Which kitchen scraps can we feed chickens? Not everything, but it's pretty amazing what they can safely eat! Learning what kitchen scraps chickens can eat will ensure that you keep your chickens healthy and also reduce waste and cut down on their feed bill.
You may already be using your chickens to benefit your garden; when you feed them kitchen scraps, you're just making bringing everything on your homestead full-circle!
Which Kitchen Scraps Can I Feed Chickens?
Great news - it's actually healthy to give your chickens kitchen scraps! Giving them a variety of your food leftovers can provide them with foods high in protein, vitamins and minerals helping them to have a variety in their diet. Healthy chickens means healthy eggs, so win-win!
In general most fruits and vegetables (see below for exceptions) are great additions to feed your chickens. And foods high in carbs, sugar or fat tend can be okay small, occasional amounts. Any food that is moldy or has gone bad in some way is not something you should feed your chickens. But you can stick it in a compost bin!
Also, it is important to keep in mind that in order for your chickens to maintain a well-balanced diet you should make sure that their regular grain or feed is the majority of their diet. Typically about 10% of their diet as treats (aka scraps) is acceptable.
But specifically what should you include in those treats? Below I've compiled a comprehensive list detailing what to toss out to your chickens and what you should put in your compost pile.
The Best Kitchen Scraps To Feed Chickens
In general, most fruits and vegetables are considered safe unless they are noted in the not safe to eat list. Do keep in mind that most fruits have a high natural sugar content and though they are not bad for your chickens you may want to feed them in smaller amounts.
Whenever you feed your chickens kitchen scraps make sure they they are in pieces that they can easily eat. Yes, chickens can peck at foods and break them apart. However, for things like grapes, that they could potentially take the entire thing into their mouth at once, you may want to cut them into smaller pieces.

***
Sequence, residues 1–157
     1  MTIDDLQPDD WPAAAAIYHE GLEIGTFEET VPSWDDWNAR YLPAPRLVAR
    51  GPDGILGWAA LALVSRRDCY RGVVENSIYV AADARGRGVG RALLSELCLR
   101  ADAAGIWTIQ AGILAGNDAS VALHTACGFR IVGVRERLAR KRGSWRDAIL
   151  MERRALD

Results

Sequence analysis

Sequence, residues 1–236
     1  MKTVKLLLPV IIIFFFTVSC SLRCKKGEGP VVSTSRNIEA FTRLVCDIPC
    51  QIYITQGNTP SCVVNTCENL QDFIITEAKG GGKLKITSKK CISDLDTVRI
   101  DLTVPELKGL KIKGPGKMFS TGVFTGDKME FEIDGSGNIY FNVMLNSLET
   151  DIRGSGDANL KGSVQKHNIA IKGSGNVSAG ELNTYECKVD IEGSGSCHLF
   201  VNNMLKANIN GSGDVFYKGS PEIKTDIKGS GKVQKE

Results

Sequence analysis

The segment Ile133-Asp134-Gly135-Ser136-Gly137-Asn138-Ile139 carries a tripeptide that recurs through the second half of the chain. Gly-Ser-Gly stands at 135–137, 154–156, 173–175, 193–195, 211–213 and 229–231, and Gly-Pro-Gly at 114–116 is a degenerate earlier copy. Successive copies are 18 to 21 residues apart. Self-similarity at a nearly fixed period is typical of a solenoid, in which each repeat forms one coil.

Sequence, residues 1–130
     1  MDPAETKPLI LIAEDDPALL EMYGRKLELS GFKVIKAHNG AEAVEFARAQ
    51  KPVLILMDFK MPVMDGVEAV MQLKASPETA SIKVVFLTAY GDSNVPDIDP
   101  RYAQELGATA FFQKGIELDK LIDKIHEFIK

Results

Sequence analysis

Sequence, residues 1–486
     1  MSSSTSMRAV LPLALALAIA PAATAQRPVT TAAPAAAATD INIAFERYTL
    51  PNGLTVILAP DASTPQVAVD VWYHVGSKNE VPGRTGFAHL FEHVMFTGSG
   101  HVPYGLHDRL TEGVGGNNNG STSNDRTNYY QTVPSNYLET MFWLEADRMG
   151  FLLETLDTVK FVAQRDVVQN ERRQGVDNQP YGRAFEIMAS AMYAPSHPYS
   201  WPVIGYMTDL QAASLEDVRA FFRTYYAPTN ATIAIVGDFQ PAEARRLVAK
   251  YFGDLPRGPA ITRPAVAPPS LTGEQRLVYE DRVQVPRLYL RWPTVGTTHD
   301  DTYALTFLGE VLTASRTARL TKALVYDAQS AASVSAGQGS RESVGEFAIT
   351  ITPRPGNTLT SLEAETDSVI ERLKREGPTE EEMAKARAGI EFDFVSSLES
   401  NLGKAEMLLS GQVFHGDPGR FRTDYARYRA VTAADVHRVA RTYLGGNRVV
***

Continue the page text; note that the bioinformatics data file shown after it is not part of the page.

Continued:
The following foods are safe to feed to your chickens (as long as they are in treat quantities and do not overtake their diet):
- Bananas, but be cautious feeding your chickens banana peels
- Berries (all types - blackberries, blueberries, cranberries, strawberries, raspberries)
- Cherries - may want to skip the pits.
- Cooked beans
- Melons - Watermelon, Cantaloupe, Honeydew
- Popcorn - but leave off the butter and salt.
- Squash - all types, both summer and winter. Zucchini, yellow squash, butternut squash, spaghetti squash, acorn squash and more.
- Sweet Potatoes
Safe foods for chickens in moderation
While these foods are safe for chickens, they should be fed only in small quantities due to the fact that they are not the most healthy choices. These foods tend to be high in carbs, sugar, fat, salt or highly processed:
- Citrus - chickens can eat oranges, lemons and other citrus. However, there are varying opinions on how safe it is. That combined with the fact that citrus tends to have high sugar content and chickens don’t tend to be very keen to eat citrus in general, it may be best to feed in moderation or just skip it.
- Nuts and Nut butters
Kitchen Scraps You Should NOT Feed Chickens
Of course, you should never feed your chickens any food that is moldy, rotten or has otherwise gone bad. Additionally, keep the following things out of your chickens' diet:
- Dried Beans (uncooked or raw)
- Fast Food
- French Fries
- Fried or overly greasy foods
- Nightshade plants and leaves (peppers, tomatoes, eggplant)
- Potatoes (raw or plants and leaves)
- Raw Meat
- Rhubarb - chickens cannot eat rhubarb due to oxalis acid content
Overall, your chickens can eat a wide variety of scraps from your kitchen! And in moderation, the chickens will benefit from the scraps. It feels great and less wasteful to let chickens help get rid of unwanted kitchen scraps!
The big takeaway is that most kitchen scraps are healthy, as long as you ensure they are getting foods that are safe for them, fed in safe-sized pieces, and in conjunction and balance with their formulated feed or grain.
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